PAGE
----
Earl W. O’Garro, a thirty-one-year-old would-be entrepreneur, who started a specialized excess and surplus brokerage in 2010, Hybrid Insurance Agency, LLC, has had his nonresident license for himself and his company revoked by the Massachusetts Division of Insurance. The Division also fined Mr. O’Garro $8000, personally, while his company, Hybrid Insurance, was fined $2000.
The Massachusetts charges filed by the Division of Insurance alleged that Mr. O’Garro and Hybrid Insurance were in “violation” of § 162R(a)(2) of Chapter 175 (“§ 162R(a)(2)”), by not reporting as required the orders of six other state insurance commissioners, in Connecticut, Kentucky, Maine, Georgia, Ohio and Rhode Island.
In its decision, the Division also alleged that Mr. O’Garro “improperly withheld, misappropriated, or converted premium monies that he received in the course of doing insurance business, in violation of § 162R(a)(4) of Chapter 175.” This allegation apparently arose out of transactions, described below, that occurred in Connecticut.
Because neither Mr. O’Garro nor Hybrid Insurance appeared to contest the charges or explain their actions, the Hearing Officer’s decision contains almost no factual description of what caused Mr. O’Garro and Hybrid Insurance’s problems.
Hybrid Insurance’s apparent explosive growth and sudden collapse
In April 2010, Earl O’Garro, Jr. started Hybrid Insurance Agency, LLC, in Windsor, Connecticut to market excess and surplus insurance.
Mr. O’Garro was a 2005 Wesleyan University graduate. His company resume also listed that he had a Masters of Business Administration from the Barney Business School at the University of Hartford. His most recent insurance experience included having been the Divisional Manager for the Small Accounts Division of S.H. Smith & Company Inc., a major Connecticut excess and surplus wholesaler.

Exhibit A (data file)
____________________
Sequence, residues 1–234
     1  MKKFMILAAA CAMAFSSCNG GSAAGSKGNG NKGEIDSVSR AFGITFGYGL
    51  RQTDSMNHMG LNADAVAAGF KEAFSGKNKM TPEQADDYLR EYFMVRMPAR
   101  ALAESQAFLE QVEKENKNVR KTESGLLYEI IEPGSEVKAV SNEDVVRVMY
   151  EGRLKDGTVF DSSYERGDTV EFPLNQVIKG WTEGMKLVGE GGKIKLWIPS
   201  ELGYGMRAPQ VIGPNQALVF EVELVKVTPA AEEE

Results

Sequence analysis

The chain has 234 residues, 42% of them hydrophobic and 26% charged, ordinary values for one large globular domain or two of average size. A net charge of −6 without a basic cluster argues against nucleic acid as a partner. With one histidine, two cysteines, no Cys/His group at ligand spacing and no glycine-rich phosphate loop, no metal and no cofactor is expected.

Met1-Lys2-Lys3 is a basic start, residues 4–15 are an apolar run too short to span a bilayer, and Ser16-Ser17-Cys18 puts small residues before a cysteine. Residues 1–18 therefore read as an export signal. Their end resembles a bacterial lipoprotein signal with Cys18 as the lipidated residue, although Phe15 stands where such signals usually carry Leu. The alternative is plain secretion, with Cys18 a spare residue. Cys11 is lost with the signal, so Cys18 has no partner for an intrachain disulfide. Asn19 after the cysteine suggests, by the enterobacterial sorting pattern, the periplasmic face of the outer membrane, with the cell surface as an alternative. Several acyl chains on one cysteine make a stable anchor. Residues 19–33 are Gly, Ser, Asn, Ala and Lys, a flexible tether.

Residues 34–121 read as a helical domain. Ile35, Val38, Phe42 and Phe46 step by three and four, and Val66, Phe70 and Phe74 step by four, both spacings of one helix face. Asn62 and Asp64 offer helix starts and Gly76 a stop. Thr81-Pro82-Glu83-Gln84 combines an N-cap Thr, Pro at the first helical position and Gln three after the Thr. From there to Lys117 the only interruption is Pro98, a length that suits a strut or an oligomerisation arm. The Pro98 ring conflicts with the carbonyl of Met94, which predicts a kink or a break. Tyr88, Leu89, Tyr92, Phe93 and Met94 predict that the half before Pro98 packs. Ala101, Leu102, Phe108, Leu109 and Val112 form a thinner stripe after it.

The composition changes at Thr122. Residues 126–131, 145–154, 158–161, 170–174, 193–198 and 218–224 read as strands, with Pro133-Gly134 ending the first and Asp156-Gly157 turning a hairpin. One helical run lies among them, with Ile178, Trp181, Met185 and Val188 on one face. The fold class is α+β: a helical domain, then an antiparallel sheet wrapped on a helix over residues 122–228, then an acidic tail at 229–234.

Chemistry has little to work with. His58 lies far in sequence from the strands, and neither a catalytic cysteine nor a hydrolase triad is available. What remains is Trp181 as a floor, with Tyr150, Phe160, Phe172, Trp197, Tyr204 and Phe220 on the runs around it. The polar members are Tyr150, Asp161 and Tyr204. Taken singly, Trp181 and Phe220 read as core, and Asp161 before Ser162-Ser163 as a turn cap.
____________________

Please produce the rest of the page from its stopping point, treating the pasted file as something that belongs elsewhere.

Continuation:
Mr. O’Garro claimed that an undisclosed private equity firm had backed the launch of his new company, Hybrid Insurance. Apparently, the funding was based on a business plan that allegedly would have Hybrid Insurance focus on “transferring difficult or hard to place risks, from retail agents to non-admitted or non-standard insurance carriers.” Mr. O’Garro claimed that “Hybrid aims to fill a necessary void in what some call ‘an antiquated industry’ with the notion that bigger isn’t necessarily better.” He also claimed that his company’s “unique business model” would be more effective and stable over time.
By August 2010, Mr. O’Garro claimed in a “Hartford Courant” interview that within four months, Hybrid Insurance had already “grown to nearly 20 employees and underwritten $8 million worth of policies.”
In September, 2010, Hybrid Insurance announced that it had been qualified as an excess and surplus source for New England members of the Iroquois Group, a major aggregator for independent insurance agencies.
Mr. O’Garro later announced that because of the company’s successes to date “Hybrid plans to expand both nationally and internationally.” Eventually by 2012, Hybrid Insurance had qualified to sell excess and surplus insurance in almost 39 states, including Massachusetts.
All this expansion required money and apparently the undisclosed venture capital firm Mr. O’Garro claimed had funded his start-up apparently was not ponying up any more. When Mr. O’Garro announced in late 2011 that Hybrid Insurance was moving its headquarters from Windsor to Hartford, he sought a loan and a grant from the State of Connecticut.
The state approved the $100,000 loan and $26,320 matching grant announcing the March 2012 award to Hybrid Insurance as being:
“…a fast -growing insurance group, beginning operations in March of 2010 in Windsor, a year later opening a satellite office in Columbus, Ohio, and a service operation in Kathmandu, Nepal. They currently have 11 employees in their headquarters and approximately 650 retail agents and brokers.”